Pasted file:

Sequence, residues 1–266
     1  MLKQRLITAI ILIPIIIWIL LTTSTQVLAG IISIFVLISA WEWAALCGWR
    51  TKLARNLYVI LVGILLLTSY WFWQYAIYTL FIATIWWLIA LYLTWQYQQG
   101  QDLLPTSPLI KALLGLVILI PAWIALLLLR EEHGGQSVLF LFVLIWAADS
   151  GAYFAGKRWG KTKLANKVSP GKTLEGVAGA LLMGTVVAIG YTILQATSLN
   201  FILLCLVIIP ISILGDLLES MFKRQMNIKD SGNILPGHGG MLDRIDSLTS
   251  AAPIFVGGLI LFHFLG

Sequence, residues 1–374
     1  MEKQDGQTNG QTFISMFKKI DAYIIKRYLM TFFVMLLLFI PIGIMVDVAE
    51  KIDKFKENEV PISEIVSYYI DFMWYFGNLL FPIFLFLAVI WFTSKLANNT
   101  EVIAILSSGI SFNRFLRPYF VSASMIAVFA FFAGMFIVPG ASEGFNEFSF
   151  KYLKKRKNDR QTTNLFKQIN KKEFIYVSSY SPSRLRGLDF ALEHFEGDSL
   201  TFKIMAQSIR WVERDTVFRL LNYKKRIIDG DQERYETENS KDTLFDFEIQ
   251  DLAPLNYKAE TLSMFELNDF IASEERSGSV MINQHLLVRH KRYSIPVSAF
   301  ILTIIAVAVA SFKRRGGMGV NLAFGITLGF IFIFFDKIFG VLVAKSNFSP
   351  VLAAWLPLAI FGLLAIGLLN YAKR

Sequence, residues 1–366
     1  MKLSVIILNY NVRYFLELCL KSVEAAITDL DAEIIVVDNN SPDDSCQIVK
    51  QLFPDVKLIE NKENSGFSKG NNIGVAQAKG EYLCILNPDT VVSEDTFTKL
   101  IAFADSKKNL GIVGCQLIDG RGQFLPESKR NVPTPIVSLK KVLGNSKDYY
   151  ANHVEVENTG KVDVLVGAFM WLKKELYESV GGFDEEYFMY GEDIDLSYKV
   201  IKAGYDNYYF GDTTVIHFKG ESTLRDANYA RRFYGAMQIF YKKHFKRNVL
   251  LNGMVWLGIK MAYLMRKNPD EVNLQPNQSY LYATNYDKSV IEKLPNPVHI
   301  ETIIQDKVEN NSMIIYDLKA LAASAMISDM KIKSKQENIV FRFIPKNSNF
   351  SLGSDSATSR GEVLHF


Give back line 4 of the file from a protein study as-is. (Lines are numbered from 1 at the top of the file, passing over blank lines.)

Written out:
   101  QDLLPTSPLI KALLGLVILI PAWIALLLLR EEHGGQSVLF LFVLIWAADS